Texans ask lawmakers for more mental health funding

Texans ask lawmakers for more mental health funding

AUSTIN, Texas — Students in Uvalde will return to school after Labor Day, but state lawmakers are still trying to understand the tragedy that unfolded on May 24 and how it could have been stopped.

What You Need To Know

  • As Uvalde students prepare to return to school, Texas lawmakers hear from a panel how the the state needs more mental health resources
  • Several panelists said Texas could provide more mental health care by expanding Medicaid
  • Panelists stressed how important it is to intervene in school, calling it the “first line of defense”

The Select Committee on Youth Health & Safety met at the Capitol on Monday. Texas lawmakers heard from panelists who explained why the state needs more mental health resources in schools.

Lisa Descant is the Chief Executive Officer with Communities In Schools (CIS) of Houston. She said CIS of San Antonio provided trauma and crisis support for more than 750 students, families and district employees in Uvalde after the tragedy. Still, more funding is needed to get CIS into more Texas schools.

“Each year, we find that the demand throughout the state exceeds our financial capacity,” Descant said.

Several panelists said Texas could provide more mental health care to places such as Uvalde by expanding Medicaid. Federal reimbursement is available for providing in-school services to all Medicaid-enrolled students, but the state has not opted in.

Becca Harkleroad, with the Texas Association of School Nurses Organization, said the state needs to submit a Medicaid plan amendment to the Centers for Medicare & Medicaid Services (CMS) outlining what’s needed and who will be responsible. Harkleroad said this does not aim to expand Medicaid or eligibility. Instead, it would allow schools to access federal-matching dollars that they could use to provide care to their Medicaid-enrolled students.

“This proposal would heavily benefit our rural and underserved communities, as they are likely to have a higher rate of medicaid-enrolled students,” Harkleroad said. “This would maximize the effectiveness of our schools’ current investments into the critically important services that they provide to their students.”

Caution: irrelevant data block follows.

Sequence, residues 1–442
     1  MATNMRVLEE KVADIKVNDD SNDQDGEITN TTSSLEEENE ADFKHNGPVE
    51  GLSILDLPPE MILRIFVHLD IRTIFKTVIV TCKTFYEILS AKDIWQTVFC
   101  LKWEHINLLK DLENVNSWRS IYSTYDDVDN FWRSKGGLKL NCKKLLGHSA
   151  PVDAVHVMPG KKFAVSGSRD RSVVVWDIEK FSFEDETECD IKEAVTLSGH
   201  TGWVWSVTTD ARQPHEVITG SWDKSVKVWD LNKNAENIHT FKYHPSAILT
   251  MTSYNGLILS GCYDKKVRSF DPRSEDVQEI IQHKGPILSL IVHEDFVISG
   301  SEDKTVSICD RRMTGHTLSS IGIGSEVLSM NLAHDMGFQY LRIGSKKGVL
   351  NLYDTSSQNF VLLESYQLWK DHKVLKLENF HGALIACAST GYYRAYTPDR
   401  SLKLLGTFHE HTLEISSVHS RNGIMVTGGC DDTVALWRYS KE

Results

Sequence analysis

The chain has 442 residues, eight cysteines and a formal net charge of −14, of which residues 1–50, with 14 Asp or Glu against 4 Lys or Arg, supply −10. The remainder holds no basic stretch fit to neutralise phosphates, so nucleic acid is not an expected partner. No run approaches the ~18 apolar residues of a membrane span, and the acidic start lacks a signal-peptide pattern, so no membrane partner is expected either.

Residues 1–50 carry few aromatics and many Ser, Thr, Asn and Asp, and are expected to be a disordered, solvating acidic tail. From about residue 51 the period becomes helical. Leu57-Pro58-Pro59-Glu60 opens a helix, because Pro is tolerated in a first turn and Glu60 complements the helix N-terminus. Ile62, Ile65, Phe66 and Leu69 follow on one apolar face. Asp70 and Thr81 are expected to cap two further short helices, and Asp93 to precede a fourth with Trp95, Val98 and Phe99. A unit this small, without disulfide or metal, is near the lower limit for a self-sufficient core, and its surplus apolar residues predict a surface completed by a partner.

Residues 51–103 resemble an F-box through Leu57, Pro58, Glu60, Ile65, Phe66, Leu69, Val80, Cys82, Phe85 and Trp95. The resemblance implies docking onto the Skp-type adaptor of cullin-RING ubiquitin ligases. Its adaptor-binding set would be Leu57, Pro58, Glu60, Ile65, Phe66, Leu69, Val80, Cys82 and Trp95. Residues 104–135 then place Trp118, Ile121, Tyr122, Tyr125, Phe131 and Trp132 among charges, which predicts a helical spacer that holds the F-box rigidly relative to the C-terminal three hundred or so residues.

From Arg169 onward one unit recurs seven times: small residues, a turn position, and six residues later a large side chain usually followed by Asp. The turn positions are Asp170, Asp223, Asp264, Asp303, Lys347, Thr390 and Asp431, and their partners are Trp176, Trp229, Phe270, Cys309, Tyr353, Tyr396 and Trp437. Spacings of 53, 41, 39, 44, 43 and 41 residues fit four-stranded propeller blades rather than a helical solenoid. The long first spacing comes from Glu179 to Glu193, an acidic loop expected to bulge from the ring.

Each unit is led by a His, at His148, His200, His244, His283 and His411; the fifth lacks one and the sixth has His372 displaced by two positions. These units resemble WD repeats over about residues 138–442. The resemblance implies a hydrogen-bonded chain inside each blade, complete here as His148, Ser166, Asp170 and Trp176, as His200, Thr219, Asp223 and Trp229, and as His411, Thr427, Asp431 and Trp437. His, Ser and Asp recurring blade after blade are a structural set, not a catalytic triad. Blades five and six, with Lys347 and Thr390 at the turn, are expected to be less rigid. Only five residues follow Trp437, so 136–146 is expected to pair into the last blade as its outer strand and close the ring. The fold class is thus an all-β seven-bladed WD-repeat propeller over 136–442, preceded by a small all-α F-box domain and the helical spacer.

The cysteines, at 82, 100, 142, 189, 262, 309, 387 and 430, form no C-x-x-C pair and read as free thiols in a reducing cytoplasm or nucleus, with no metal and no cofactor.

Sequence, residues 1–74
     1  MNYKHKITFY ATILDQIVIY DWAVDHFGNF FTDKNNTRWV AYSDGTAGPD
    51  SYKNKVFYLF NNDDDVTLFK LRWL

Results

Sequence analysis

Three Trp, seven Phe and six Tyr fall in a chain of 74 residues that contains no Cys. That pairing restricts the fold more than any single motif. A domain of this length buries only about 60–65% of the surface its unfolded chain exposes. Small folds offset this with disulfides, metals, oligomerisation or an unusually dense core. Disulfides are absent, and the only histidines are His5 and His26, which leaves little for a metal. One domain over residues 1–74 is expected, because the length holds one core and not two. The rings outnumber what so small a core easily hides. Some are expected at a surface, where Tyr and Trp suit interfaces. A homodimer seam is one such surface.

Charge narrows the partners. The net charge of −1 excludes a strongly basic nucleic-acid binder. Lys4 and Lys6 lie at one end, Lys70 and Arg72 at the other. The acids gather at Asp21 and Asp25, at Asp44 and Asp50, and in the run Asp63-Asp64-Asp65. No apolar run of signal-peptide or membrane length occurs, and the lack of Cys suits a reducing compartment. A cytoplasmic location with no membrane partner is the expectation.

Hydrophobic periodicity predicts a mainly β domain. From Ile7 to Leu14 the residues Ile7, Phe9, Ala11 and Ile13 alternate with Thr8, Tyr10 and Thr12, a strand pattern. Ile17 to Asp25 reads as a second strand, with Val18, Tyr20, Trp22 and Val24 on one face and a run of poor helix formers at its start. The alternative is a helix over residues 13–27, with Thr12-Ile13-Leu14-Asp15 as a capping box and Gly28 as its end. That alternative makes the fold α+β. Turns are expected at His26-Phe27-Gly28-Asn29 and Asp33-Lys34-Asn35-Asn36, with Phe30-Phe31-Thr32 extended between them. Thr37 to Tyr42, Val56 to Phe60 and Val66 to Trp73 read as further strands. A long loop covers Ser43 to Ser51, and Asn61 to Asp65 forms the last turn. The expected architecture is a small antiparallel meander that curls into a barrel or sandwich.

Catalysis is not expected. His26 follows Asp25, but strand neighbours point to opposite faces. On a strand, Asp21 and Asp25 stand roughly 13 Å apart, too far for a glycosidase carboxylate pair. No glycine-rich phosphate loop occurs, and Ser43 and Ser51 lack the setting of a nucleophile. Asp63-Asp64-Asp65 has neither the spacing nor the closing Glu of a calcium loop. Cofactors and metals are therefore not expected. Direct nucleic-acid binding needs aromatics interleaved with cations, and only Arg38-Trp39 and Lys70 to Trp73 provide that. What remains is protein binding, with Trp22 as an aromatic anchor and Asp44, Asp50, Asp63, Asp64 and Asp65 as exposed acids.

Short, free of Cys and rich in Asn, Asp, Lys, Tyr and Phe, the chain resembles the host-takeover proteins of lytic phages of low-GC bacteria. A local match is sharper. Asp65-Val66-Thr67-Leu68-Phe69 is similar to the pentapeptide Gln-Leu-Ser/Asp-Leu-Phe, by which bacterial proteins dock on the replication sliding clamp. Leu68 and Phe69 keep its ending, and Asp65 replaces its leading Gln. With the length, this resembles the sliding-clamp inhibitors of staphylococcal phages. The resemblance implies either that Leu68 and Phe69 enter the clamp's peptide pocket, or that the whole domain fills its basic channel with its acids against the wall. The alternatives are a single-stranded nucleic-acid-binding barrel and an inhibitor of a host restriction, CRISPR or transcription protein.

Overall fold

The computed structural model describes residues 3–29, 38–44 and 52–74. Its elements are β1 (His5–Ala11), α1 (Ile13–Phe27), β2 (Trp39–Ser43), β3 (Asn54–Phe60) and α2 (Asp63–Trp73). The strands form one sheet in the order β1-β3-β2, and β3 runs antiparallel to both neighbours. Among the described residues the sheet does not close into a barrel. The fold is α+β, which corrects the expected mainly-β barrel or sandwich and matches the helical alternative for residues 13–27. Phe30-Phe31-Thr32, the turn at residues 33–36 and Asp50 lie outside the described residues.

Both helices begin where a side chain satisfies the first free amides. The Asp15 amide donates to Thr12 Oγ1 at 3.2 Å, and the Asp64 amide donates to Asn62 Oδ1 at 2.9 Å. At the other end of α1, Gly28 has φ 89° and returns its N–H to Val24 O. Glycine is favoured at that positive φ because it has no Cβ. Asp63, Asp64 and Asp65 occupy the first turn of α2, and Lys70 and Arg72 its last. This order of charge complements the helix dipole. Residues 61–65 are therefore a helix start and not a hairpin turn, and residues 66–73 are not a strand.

In her testimony, Harkleroad quoted former US Surgeon General Joycelyn Elders: “We can’t educate children who are not healthy, and we can’t keep them healthy if they’re not educated.”

Several panelists agreed that an array of solutions are needed for a variety of mental health issues. Early intervention with counseling and creating a culture of speaking up in schools are both important. Dr. Alvia Baldwin, the director of guidance and counseling with Alief ISD, said talking about the negative impacts of social media can also be helpful.


“We really have to inform our parents, our schools, and our students that what you’re seeing is not real, and it’s impacting your mental health,” Dr. Baldwin said.

One of the biggest needs is the workforce. More mental health professionals are needed across the state.

Andy Keller is the president and CEO of Meadows Mental Health Policy Institute. He said it will cost hundreds of millions of dollars to increase mental health resources in Texas.

“The thing about these costs is that even if we throw all that money out there today, we don’t have the workforce, we don’t have the training, the organizations have to start it up. It’s going to take years to build this,” Keller said. “So probably in the first year, you’re talking about $100 million in the first year. Over time, it’s going to be a few $100 million. But it’s an investment we need to make because we’re losing more kids than we’ve ever lost before, and it’s a health crisis that we really do need to take seriously.”

He stressed that mental health issues and violence are not always correlated.

“Humans do violence all the time,” he said. “We do violence for good reasons to protect people, we love, to protect a country. We do violence for disturbed reasons. And being deranged, being evil, is not a mental illness. It’s not something we could treat. All sorts of people who don’t have mental illnesses do evil things. So we have to be really specific when we’re thinking about what are the various things that can contribute to somebody acting violently. And there’s a lot of risk factors out there. And some mental illnesses do increase some risks, but mental illness as a whole does not statistically correlate with more violence.”

Throughout the committee hearing, panelists stressed how important it is to intervene in school. Many panelists called schools the “first line of defense,” noting that students often notice when a peer is exhibiting concerning behaviors. That’s why students should speak up even if it’s hard.

“Students don’t want to get other students in trouble, even ones that they think maybe are doing odd things or dangerous things,” Keller said. “They want to know people can get help. They want to know people can be made safe. So there’s a lot of education we need to do in our schools.”

Keller said Texas can and will help students and families that are struggling.

“People need to have hope that we can do something about this,” Keller said. “And I think that’s what people need to hear because otherwise it’s super discouraging to just see all the pain that people are experiencing right now.”

Many panelists said they looked forward to working with lawmakers in the next legislative session, which begins Jan. 10.

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